trader surprised skeptical

  • Over the last few years, investors made a habit of shorting the biggest and best-performing companies in the stock market as a way to hedge against market-wide losses.
  • Financial-analytics firm S3 Partners just published new research suggesting that this practice is slowing down, which could change how investors trade the entire market going forward.

As the market’s largest and most heavily-traded stocks reached unprecedented heights during the bull market, an interesting dynamic was playing out under the surface.

The higher share prices for Facebook, Apple, Amazon, Netflix, and Google rose, the more investors bet against those stocks.

On the surface, it seemed like they were simply victims of cynical traders who saw their valuations as overextended, and therefore likely to drop at any moment. But in mid-2017, financial-analytics firm S3 Partners proposed an alternative explanation: these shorts were being used as market-wide downside hedges.

The wisdom behind this hedging technique was straightforward: As these huge, influential stocks went, so did the market. And it seemed to work — for a while, at least.

Now, a new study from S3 finds that combined short interest on FAANG — or wagers the cohort will decline — has actually fallen over the past three quarters.

The reason for this decline is more complex. According to S3, FAANG stocks outperformed the broader market to a far greater degree to the upside. Put differently, when the S&P 500 rose, the FAANG group smashed its returns. But when the benchmark fell, FAANG’s losses weren’t nearly so pronounced by comparison.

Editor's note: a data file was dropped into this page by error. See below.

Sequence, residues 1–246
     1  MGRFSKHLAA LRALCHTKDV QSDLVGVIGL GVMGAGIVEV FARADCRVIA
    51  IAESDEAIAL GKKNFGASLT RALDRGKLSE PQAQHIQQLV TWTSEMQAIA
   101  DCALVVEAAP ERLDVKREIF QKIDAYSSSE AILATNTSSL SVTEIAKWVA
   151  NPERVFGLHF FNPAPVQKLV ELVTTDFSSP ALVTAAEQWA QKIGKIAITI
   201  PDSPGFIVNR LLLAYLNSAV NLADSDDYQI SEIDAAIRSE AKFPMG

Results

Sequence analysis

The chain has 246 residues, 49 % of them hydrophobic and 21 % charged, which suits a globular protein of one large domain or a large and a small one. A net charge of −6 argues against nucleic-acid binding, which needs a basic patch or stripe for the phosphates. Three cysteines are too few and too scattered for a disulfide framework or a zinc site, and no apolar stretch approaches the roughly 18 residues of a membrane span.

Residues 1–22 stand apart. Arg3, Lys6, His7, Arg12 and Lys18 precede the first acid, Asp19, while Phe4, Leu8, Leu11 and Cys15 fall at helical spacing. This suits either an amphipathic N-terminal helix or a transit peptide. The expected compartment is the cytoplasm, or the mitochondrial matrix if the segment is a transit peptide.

This ended up being a money-losing situation for the investors shorting FAANG for broad market protection.

“While portfolio managers who used the FAANG stocks as a hedge for the long side of their book had good intentions, the results were less than optimal,” Ihor Dusaniwsky, managing director of predictive analytics at S3 Partners, wrote in a recent note.

So what does this mean for the stock market going forward? S3 expects to see more investors using exchange-traded funds as vessels for hedging.

Perhaps not-so-coincidentally, short interest in the SPDR S&P 500 ETF has spiked to multiyear highs on two separate occasions since the start of November, as the chart below shows. This suggests investors have already started seeking new and ultimately more profitable ways to hedge.

“After this year’s performance, we may see an increase in ETF hedging activity, back to levels we saw in the first quarter of 2018,” Dusaniwsky said.


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